Your question refers to Shakespeare's tragic play, Hamlet, Act Five, scene two. Horatio is concerned that some kind of trap may be lying in wait for Hamlet. Hamlet says,
Not a whit, we defy augury; there's a special
Providence in the fall of a sparrow. If it be now, 'tis not to
come, if it be not to come, it will be now; if it be not now,
yet it will come. The readiness is all. Since no man has
aught of what he leaves, what is't to leave betimes? Let be. (V.ii.211-215)
In this speech, I do not believe that Hamlet is undecided. Horatio urges him to wait if he has a bad feeling about the "sword play" with Laertes. However, there seems (to me) to be a certain resignation to Hamlet's attitude. He is committed: "we defy augury" means that he will stare down bad omens, ignore them, and move forward. An especially beautiful line, "there's a special / Providence in the fall of a sparrow" seems to allude to the Bible verse that speaks of God's universal knowledge—he knows even when a sparrow falls:
Look at the birds of the air; they neither sow nor reap nor gather into barns, and yet your heavenly Father feeds them. Are you not of more value than they? (Matthew 6:26)
Hamlet speaks of providence: God. I believe he is saying, there is God's hand in all things: even in Hamlet's meeting of Laertes. He may being saying, too, that whatever is to happen is something God has planned (predestination).
Hamlet now knows that Claudius has killed Old Hamlet for certain. He also knows that Claudius tried to have Hamlet killed in England. Hamlet is fairly certain that Laertes blames Hamlet for the death of Polonius, as well as Ophelia's sad fate, and so Hamlet expects treachery from Laertes, even though Hamlet has admired him almost like a brother. Laertes' grief and need for revenge are deep, and have been coated with poison by Claudius.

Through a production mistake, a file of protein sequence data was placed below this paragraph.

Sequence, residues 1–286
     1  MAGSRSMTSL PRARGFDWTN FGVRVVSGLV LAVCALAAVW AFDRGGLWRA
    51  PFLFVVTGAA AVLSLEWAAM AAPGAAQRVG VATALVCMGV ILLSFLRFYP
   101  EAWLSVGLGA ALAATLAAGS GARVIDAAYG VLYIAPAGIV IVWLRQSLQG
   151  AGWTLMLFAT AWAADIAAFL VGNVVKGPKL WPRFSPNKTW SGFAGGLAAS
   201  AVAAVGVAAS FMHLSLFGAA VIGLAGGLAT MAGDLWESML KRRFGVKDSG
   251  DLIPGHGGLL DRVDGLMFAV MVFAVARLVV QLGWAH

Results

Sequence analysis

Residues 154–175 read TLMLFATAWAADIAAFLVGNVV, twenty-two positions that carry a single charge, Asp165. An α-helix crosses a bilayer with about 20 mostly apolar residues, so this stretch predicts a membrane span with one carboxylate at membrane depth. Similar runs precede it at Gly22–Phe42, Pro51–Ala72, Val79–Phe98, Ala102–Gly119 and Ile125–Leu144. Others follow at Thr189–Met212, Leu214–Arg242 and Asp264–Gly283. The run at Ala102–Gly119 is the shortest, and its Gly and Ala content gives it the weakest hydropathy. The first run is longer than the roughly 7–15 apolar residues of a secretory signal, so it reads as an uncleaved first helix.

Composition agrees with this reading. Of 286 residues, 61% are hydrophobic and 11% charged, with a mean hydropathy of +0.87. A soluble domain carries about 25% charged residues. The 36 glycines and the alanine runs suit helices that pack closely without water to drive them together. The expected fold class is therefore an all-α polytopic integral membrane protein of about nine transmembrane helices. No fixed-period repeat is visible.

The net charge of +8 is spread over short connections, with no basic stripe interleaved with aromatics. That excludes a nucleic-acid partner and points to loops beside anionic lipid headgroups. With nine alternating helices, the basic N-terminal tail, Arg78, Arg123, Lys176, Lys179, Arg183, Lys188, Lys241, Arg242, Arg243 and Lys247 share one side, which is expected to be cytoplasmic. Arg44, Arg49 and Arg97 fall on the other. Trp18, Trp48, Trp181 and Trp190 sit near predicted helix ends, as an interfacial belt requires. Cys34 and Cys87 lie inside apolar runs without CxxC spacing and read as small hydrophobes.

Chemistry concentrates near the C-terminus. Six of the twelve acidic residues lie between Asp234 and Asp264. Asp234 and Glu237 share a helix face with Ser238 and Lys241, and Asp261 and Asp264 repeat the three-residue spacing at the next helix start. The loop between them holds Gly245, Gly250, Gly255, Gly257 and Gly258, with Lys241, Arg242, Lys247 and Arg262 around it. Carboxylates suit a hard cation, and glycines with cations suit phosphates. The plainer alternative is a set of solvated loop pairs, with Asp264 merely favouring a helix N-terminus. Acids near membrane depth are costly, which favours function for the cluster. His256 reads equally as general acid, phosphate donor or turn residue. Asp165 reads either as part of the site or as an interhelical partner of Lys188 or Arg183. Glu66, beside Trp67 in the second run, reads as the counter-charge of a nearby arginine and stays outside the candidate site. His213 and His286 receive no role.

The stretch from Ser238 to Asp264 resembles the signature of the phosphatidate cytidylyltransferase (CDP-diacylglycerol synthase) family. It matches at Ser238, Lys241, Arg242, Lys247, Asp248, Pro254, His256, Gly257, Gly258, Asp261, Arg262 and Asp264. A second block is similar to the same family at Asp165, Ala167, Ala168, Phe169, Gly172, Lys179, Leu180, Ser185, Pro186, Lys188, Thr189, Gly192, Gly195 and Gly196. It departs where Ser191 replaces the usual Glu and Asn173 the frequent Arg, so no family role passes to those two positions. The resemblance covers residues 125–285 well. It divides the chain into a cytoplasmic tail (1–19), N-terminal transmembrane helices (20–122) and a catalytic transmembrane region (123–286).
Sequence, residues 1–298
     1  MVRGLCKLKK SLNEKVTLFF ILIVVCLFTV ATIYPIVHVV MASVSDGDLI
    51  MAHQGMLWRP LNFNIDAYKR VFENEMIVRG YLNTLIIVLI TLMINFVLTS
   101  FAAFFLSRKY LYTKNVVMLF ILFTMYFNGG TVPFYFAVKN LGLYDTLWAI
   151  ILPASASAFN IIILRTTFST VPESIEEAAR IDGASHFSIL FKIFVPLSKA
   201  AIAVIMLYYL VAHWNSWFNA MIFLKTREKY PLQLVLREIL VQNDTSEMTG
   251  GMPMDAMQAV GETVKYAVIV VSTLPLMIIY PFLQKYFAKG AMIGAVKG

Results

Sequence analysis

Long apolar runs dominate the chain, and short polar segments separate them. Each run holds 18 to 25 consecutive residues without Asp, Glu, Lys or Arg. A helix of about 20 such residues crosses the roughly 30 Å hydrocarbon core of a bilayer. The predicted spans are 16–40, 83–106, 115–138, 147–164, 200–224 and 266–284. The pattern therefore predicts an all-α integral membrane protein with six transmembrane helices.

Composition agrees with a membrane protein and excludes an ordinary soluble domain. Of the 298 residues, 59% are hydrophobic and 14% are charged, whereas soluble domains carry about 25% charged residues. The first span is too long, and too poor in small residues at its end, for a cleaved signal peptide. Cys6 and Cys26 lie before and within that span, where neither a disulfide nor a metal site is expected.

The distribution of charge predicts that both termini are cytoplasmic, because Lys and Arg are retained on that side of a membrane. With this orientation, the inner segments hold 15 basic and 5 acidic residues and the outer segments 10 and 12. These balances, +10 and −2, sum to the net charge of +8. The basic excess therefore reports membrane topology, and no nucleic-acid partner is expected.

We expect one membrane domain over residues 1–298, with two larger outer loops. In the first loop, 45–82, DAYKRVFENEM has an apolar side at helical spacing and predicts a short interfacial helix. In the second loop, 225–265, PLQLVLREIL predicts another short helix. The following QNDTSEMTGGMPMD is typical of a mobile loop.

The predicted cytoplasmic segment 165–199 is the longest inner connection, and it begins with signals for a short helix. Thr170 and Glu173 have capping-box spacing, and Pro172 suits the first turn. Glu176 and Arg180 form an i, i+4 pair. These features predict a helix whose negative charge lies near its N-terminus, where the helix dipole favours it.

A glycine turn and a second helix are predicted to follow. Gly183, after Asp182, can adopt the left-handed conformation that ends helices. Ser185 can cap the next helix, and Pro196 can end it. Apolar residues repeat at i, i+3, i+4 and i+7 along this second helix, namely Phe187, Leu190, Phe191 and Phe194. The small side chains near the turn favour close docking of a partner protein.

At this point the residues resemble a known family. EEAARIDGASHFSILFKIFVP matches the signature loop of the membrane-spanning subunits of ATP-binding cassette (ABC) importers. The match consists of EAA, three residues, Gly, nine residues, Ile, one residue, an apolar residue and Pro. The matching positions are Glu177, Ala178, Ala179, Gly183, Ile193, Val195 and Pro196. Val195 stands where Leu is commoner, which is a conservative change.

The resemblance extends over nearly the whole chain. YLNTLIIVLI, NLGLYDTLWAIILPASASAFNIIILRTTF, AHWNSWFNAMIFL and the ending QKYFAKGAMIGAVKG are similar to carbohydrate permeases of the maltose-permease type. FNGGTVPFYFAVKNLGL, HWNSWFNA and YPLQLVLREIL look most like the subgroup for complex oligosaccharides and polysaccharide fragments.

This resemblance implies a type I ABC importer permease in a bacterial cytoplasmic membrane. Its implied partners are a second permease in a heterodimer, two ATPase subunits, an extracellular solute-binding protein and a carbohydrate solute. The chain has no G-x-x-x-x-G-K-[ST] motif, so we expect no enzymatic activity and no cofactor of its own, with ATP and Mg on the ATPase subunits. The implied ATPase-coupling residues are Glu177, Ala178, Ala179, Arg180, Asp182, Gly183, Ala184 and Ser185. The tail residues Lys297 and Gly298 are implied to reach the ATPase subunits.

Hamlet explains that whatever is to come, will come. If not today, then tomorrow, but it will come. Hamlet's light spirits while he jests at the beginning of the "game" entertain those who watch, but it may speak to Hamlet's acceptance of the inevitable: God's plan for him. I do not think Hamlet goes into the ring without knowing what his fate may be.
Hamlet is prepared to kill Claudius if opportunity allows it. Hamlet could have killed Claudius while he prayed, but he did not want his uncle to go to Heaven having just prayed (he thought). Old Hamlet never received the mercy of being absolved of his sins before he died. Later, because Hamlet believes the King his in Gertrude's room in the midst of some incestuous act, he stabs through the curtain (arras) and kills Polonius believing it is the King—and does so without hesitation.
Of course, once Hamlet realizes that Claudius is responsible for his mother's death—Claudius' own wife—and for the treachery with Laertes, Hamlet does not kill Claudius because he knows he is dying from Laertes' poisoned sword. Based on what Hamlet said to Horatio earlier, I believe he expects that things will end one way or another now, and if Hamlet dies in the process, that is what is meant to be.
I believe that Hamlet is resolved to face his fate, recognizing that providence will have a hand in what happens.